elimination did not expect multiline condition. I don't know perl so I
can't fix it."
It seems that if you have a header file that
defined something like this:
#define SOMETHING \
METHOD(foo, bar, \
Patrik Stridvall posted a small patch and noted, " Indeed. Here is a working fix I think (not tested). I found a bug in winapi_check a while ago but the fix didn't find its way the function_grep.pl it seems. The problem might also be that there is whitespace after on of the \:es. This is forbidden by ANSI C but most compilers accept it anyway. "
Guy wrote back with a patch of his own and noted, " No the above patch merely resulted in an infinite loop. After much consultation with "Perl in a Nutshell", I came up with the following patch. The header file in question is "shlobj.h". The patch has two sections. First gets rid of the \n imbeded with the lookahead for preprocessor statements. The second gets rid of the ICOM_DEFINE statement (poorly I know) because it has no ";". This seems to make things work and generate correct headers."
3. Keyboard Problem
27�Aug�2001�-�28�Aug�2001 (6 posts) Archive Link: "keyboard problem"
People: Francois Gouget,�,�codeweavers,�Daniel Sabo,�Eric Pouech
Daniel Sabo inquired about work that needed to be done. Francois Gouget posted an updated version of his hefty Call for Volunteers:
Note that I did not get much time to update it so please send me your ideas. Also I'm thinking about starting an additional section for 'hard(er)' projects that would significantly improve Wine. Maybe it could also list projects that are already underway and for which help would be appreciated (DCOM?, STRICT handles?).
But first, many thanks go to all those who fixed bugs from the previous call for volunteers and especially to Maciek Kaliszewski for his wrc fixes.
What is the "Call for Volunteers"? I have built a list of projects that should be easy to tackle by new Wine developpers. The main goal is to provide the needed inspiration to potential Wine developpers that just are not motivated by the standard 'grep FIXME' answer (and I can understand them).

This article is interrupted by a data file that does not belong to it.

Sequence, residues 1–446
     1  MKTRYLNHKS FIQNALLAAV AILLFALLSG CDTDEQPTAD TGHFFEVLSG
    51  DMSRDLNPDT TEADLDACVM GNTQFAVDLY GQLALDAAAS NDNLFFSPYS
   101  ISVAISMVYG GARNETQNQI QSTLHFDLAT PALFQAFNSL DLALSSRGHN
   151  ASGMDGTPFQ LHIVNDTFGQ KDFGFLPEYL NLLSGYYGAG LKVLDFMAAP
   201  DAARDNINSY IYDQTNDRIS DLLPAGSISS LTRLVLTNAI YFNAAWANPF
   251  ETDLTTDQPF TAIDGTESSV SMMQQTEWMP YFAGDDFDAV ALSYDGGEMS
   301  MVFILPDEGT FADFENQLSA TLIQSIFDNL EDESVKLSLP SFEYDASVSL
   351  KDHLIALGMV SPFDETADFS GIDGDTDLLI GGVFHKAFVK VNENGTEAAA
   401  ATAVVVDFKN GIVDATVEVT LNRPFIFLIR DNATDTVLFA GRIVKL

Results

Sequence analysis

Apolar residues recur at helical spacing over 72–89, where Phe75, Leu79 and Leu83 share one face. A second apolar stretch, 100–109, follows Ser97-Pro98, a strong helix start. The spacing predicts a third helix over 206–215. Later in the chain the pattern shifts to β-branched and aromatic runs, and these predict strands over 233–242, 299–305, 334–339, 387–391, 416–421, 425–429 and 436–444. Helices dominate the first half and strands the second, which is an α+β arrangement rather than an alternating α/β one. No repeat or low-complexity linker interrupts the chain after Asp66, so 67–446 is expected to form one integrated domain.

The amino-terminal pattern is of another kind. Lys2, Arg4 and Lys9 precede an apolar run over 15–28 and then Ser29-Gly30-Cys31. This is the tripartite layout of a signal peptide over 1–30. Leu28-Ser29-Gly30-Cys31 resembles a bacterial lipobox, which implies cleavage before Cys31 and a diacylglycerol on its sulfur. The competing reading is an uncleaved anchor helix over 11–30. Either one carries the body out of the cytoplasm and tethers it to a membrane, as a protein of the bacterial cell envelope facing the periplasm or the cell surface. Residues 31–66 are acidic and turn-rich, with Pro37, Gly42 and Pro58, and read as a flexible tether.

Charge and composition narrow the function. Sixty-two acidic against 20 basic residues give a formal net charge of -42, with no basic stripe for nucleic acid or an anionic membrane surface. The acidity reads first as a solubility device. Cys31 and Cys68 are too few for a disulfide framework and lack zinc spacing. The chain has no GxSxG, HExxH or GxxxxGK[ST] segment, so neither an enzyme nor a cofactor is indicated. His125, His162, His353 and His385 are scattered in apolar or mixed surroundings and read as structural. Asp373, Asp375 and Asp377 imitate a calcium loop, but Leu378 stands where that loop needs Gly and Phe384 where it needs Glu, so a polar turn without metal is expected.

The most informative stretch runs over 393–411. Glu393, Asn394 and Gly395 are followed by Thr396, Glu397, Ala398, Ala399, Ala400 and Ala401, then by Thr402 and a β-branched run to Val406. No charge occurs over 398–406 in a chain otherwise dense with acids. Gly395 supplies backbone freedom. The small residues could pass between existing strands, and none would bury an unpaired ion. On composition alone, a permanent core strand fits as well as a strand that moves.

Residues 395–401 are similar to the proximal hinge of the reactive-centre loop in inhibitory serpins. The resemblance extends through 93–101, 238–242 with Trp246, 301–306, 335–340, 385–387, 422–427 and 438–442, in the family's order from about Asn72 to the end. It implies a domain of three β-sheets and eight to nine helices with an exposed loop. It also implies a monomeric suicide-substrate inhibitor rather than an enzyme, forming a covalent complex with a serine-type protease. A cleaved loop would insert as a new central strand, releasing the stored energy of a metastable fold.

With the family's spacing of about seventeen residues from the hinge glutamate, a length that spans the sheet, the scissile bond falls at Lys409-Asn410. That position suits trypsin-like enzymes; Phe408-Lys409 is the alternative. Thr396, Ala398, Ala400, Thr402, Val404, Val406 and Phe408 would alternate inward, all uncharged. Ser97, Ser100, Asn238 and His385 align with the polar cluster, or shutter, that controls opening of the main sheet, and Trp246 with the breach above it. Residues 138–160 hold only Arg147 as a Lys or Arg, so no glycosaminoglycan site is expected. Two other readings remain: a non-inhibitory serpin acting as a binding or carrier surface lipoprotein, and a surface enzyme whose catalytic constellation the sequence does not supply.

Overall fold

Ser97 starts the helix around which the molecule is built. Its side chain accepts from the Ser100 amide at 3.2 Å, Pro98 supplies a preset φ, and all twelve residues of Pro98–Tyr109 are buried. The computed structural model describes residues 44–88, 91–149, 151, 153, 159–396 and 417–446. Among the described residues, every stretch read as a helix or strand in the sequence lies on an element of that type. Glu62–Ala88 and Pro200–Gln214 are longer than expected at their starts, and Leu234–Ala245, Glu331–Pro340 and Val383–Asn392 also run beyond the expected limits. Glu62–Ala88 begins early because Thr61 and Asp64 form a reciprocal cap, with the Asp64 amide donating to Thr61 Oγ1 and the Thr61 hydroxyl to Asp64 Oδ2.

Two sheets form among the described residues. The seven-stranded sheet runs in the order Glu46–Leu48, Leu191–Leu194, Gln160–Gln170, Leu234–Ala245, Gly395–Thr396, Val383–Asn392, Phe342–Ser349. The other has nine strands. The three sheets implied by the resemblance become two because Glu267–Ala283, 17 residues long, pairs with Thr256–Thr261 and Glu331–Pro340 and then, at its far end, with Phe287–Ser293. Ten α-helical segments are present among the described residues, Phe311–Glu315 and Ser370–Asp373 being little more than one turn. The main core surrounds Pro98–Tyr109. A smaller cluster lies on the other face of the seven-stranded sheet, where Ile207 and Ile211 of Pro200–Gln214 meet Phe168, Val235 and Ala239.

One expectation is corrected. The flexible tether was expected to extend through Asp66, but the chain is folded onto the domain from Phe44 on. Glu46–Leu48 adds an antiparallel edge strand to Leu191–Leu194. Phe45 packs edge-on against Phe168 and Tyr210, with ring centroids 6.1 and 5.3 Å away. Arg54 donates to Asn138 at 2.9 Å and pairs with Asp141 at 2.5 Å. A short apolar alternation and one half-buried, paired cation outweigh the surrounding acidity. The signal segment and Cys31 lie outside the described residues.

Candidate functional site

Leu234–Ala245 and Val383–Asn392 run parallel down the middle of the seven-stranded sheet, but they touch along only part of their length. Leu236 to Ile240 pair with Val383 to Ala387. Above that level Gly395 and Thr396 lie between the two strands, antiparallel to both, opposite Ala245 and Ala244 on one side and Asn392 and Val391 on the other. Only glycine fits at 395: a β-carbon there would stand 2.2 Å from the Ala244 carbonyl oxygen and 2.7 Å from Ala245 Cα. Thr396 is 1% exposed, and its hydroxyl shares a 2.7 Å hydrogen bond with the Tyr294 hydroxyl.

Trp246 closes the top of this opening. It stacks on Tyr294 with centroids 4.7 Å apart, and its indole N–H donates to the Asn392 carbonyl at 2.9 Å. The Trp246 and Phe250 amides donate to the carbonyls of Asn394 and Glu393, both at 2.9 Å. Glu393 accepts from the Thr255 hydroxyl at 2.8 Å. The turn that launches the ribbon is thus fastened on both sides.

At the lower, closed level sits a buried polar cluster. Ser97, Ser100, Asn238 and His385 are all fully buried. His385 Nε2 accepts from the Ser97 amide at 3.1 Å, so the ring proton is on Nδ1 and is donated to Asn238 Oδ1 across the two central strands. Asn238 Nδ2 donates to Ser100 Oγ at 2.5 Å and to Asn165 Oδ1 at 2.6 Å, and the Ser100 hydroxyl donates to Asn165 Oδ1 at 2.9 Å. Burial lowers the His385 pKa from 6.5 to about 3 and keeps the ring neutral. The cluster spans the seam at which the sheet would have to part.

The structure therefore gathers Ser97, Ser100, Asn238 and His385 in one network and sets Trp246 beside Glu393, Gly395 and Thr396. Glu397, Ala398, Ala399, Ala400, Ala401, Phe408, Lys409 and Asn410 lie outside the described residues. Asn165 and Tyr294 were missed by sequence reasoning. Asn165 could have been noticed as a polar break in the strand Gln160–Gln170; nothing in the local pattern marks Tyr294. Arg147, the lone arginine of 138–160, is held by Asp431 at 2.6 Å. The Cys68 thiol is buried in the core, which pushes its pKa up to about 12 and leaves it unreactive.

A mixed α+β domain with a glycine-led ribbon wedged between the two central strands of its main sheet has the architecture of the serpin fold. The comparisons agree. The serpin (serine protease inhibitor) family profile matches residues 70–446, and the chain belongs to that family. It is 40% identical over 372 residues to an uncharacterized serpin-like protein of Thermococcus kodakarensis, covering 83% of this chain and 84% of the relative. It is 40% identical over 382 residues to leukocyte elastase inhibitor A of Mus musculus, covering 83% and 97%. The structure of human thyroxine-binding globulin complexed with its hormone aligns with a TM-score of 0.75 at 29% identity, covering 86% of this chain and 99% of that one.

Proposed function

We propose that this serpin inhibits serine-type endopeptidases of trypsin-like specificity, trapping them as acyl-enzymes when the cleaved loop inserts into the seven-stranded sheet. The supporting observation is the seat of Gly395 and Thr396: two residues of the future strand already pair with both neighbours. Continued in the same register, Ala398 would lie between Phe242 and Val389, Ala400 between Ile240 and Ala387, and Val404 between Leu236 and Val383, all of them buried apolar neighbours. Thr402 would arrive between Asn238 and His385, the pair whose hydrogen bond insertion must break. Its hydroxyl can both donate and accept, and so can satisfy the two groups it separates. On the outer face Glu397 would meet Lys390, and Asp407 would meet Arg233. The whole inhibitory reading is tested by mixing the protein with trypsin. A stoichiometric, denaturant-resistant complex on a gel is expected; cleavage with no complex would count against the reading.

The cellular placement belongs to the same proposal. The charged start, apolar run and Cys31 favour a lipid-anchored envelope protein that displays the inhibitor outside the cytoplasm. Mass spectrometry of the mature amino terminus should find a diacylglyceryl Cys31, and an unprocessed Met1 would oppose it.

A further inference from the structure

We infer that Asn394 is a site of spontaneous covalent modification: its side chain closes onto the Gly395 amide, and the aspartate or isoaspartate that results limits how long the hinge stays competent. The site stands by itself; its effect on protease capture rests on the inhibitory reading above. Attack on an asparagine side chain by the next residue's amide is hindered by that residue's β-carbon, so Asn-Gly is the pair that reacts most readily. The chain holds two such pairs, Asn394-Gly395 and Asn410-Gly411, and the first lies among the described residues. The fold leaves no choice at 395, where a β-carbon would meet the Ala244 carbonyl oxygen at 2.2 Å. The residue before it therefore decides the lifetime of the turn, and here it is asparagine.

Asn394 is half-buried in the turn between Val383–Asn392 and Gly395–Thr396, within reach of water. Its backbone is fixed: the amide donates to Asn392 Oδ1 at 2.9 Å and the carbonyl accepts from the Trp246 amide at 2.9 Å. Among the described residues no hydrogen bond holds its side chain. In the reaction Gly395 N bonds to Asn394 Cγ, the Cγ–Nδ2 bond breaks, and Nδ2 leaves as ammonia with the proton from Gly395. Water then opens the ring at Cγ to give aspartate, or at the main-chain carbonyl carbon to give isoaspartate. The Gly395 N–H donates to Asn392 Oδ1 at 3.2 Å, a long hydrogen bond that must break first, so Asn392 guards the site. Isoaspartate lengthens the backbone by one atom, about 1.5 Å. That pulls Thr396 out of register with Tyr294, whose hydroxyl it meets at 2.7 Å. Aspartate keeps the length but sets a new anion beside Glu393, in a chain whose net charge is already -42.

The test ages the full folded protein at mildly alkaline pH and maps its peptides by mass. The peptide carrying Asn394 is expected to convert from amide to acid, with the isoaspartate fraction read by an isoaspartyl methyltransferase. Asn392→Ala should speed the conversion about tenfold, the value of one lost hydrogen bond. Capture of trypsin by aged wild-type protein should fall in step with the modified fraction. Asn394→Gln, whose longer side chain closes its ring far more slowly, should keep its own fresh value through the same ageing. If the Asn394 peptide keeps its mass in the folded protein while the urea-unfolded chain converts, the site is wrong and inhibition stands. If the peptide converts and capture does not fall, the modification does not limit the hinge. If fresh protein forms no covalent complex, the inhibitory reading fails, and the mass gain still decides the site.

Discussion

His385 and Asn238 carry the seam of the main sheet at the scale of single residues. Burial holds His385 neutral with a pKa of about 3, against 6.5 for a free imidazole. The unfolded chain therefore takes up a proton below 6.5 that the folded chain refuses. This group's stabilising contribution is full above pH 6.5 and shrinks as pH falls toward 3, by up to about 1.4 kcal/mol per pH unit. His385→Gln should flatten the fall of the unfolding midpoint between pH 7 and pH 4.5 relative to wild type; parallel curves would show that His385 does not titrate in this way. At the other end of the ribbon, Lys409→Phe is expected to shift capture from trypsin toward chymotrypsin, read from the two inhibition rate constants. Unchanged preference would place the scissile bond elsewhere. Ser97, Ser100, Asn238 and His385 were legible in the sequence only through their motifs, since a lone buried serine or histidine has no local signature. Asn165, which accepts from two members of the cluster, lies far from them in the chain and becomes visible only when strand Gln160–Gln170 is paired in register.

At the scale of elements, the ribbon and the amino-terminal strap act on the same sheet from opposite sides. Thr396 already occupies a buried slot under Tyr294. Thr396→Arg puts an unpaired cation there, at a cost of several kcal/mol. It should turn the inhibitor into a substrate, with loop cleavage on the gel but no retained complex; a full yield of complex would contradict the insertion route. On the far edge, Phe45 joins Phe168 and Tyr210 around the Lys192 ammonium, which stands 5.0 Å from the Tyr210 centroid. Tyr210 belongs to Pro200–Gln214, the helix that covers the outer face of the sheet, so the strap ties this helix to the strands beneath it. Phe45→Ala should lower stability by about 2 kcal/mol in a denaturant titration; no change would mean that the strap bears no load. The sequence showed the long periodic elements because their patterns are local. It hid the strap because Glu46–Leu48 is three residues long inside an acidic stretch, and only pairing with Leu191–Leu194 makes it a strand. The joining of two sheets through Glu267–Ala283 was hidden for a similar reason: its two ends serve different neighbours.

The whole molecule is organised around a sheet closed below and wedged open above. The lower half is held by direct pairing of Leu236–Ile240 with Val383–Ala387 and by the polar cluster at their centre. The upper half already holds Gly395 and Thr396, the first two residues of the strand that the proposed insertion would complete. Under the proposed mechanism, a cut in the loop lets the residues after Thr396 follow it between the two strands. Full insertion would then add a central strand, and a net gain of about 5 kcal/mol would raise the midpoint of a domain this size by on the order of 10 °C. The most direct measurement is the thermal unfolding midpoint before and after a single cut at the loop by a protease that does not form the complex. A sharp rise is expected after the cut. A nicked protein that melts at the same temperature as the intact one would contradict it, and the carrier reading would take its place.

So here goes.
Medium (I expect these would take longer or be a bit harder)
4. PowerDVD on an Unsupported Video Chipset
28�Aug�2001 (3 posts) Archive Link: "Powerdvd running under linux"
People: Robert Lowery,�Francois Gouget,�
Robert Lowery wondered:
Under Windows 98 (using PowerDVD), I get fantastic performance on my Pention 233MMX as it supports YUV->RGB, Motion Compensation and iDCT in hardware. This chipset is not currently supported under Linux.
What do you think the chances are of PowerDVD working with hardware acceleration under WINE/WINEX?
What sort of performance should I expect?
A couple people replied that as long as the chipset is unsupported by Linux that there's no chance of getting it to work. But Francois Gouget went on to explain, " Once XFree86 provides XVideo support for your chipset (or even better, the newer brand of XVideo, the one that also include motion compensation, I don't remember the name), then you may get hardware acceleration in Wine. But I think that currently DDraw does not support hardware acceleration for these things. So it will probably require some work on Wine too."
5. Keyboard Problem
25�Aug�2001�-�26�Aug�2001 (5 posts) Archive Link: "keyboard problem"
People: Stefan Leichter,�Ove Kaaven,�Daniel Sabo,�Gerard Patel,�,�Ove K�ven
Stefan Leichter was trying to get a game to work and ran into some problems with the handling of keyboard input:
after a long time of debugging (because of my little experience with windows programing and debugging), i found the problem that breaks the keyboard input of my favorite game "You Don't Know Jack" (demos of newer versions downloadable at http://www.take2.de/downloads/demos.php).
The problem is that the game is waiting for keyboard input by checking for the messages WM_KEYDOWN, WM_CHAR and WM_KEYUP at least for the keys 1-0 and a-z. But wine generates the messages WM_SYSKEYDOWN, WM_SYSCHAR? and WM_SYSKEYUP.
The problem is in the file "
windows/message.c" in the methode
process_raw_keyboard_message" in the line 383:
if (msg->message < WM_SYSKEYDOWN) msg->message += WM_SYSKEYDOWN - WM_KEYDOWN;
For some reason i do not understand the message becomes changed. If i remove this line the game recognize the keyboard input and is playable (somehow).